Posted: Thu 13th Jan 2022

Welsh finance minister joins calls for Covid funding flexibility

North Wales news and information

The Welsh finance minister has joined colleagues in Northern Ireland and Scotland in a joint call for the UK Treasury to guarantee that money allocated to support Covid responses will be provided in full.

They are also calling for action to tackle the cost of living crisis and help households with rising bills following a meeting with the Chief Secretary to the Treasury held yesterday.

Last month, as a result of spending in England, the Treasury announced it would provide additional funding to tackle Covid.

It saw the Scottish Government allocated £440 million, the Welsh Government £270 million, and the Northern Ireland Executive £150 million.

Devolved governments are concerned they may not be granted permission to carry over into next year’s budgets any late consequential payments – despite this flexibility being provided in 2021/22.

The finance ministers re-iterated a request for the Treasury to provide support to Scotland, Wales and Northern Ireland if the public health situation in each nation demands it, not just when the assistance is applied in England.

They are also urging the Treasury to do more to support households facing a cost-of-living crisis.

In October, the UK government withdrew the £20-a-week uplift to Universal Credit, a cut that was opposed by all three devolved nations.

Last month it was confirmed that inflation had risen to 5.1% – the highest rate in a decade – with increasingly expensive food, transport and clothing contributing to higher household bills.

Powers to help households meet the cost of living lie mainly with the UK government, and the three finance ministers in the devolved nations are calling on the Treasury to step up and deliver more support to households.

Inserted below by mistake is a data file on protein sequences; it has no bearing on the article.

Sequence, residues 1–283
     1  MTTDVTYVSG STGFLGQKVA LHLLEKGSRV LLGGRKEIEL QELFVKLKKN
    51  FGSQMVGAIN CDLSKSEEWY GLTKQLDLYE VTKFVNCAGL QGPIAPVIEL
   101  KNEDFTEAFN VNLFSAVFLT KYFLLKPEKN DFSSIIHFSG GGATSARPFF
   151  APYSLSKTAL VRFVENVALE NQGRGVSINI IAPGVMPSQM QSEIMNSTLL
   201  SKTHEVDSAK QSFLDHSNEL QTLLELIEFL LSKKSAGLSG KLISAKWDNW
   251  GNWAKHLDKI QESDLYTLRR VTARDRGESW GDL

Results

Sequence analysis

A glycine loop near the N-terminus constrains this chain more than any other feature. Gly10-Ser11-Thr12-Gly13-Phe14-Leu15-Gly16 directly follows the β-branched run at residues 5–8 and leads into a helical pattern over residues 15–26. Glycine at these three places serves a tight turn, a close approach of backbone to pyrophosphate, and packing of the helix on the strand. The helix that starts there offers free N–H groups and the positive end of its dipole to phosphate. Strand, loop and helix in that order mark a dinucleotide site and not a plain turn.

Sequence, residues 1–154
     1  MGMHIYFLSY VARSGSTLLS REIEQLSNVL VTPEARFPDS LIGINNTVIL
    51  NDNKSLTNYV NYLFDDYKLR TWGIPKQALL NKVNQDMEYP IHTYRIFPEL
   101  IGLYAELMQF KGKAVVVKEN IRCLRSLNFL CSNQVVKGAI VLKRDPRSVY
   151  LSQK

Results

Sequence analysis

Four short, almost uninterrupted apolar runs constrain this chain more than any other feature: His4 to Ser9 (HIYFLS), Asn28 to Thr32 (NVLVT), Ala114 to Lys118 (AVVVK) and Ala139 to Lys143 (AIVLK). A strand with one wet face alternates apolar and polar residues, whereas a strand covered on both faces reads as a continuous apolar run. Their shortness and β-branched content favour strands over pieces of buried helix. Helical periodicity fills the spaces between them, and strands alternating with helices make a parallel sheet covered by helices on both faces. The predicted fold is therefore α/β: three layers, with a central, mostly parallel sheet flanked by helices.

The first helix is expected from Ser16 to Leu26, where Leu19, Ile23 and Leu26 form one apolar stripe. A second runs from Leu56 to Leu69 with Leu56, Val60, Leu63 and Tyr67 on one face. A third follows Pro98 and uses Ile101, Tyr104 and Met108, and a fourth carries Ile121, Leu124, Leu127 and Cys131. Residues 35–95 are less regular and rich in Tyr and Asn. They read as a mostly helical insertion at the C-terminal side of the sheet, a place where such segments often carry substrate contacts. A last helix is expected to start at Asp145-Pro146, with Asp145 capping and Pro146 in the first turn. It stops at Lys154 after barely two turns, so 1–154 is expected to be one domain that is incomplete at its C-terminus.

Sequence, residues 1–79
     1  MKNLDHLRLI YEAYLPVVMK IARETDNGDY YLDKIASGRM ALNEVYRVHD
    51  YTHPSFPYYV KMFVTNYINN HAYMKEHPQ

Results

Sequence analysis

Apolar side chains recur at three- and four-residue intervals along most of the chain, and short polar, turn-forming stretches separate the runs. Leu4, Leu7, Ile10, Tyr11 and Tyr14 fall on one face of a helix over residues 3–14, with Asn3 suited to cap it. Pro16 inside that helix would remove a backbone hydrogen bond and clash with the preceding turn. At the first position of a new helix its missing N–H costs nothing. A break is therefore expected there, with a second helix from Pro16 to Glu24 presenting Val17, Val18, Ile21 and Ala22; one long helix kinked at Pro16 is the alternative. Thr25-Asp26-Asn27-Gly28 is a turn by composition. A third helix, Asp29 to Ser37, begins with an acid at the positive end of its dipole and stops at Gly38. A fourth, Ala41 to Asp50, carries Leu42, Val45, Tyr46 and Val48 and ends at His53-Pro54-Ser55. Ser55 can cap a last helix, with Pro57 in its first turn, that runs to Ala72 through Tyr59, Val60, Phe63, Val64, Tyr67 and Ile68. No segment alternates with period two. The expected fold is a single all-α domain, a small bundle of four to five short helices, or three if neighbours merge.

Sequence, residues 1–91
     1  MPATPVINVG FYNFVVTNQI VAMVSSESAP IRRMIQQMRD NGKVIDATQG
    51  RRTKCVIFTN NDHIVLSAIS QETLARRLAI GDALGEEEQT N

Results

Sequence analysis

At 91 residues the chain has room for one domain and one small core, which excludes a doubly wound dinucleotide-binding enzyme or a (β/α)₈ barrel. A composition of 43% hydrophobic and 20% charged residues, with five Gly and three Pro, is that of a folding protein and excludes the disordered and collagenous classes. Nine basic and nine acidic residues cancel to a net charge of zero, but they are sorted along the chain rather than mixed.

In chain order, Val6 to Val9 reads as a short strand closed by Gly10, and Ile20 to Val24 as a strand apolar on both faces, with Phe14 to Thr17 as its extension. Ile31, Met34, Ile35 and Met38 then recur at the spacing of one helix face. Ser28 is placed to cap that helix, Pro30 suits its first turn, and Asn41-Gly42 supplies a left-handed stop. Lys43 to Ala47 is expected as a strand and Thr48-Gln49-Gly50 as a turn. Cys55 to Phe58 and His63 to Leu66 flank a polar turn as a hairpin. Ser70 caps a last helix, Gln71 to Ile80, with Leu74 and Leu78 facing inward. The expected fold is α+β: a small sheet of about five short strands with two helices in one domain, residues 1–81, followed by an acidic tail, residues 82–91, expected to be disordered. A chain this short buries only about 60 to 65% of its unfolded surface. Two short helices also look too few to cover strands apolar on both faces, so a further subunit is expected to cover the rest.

Rebecca Evans, Welsh Government Finance Minister, said: “We need to see urgent action from the Treasury to help people with rising bills and living costs.

“Domestic energy prices are of particular concern at the moment with more and more people living in fuel poverty.

“This winter the Welsh Government invested £51 million in our Household Support Fund to help households, but most of the powers and the fiscal resources needed to address the cost-of-living crisis are in the UK government’s hands. The Treasury must step up.

“Additional support through targeted UK-wide schemes such as the Warm Home Discount and other winter fuel payments would lessen the burden on hard pressed households.

“Arrangements for Covid funding also need to change. Last month, as the omicron variant took hold, the Treasury hesitated before providing Wales with funding to meet the challenges.

“When funding did come, we received no guarantee that it would not need to be returned.

“The Treasury must recognise the importance of fully supporting devolved nations to help protect our businesses and protect our populations.”



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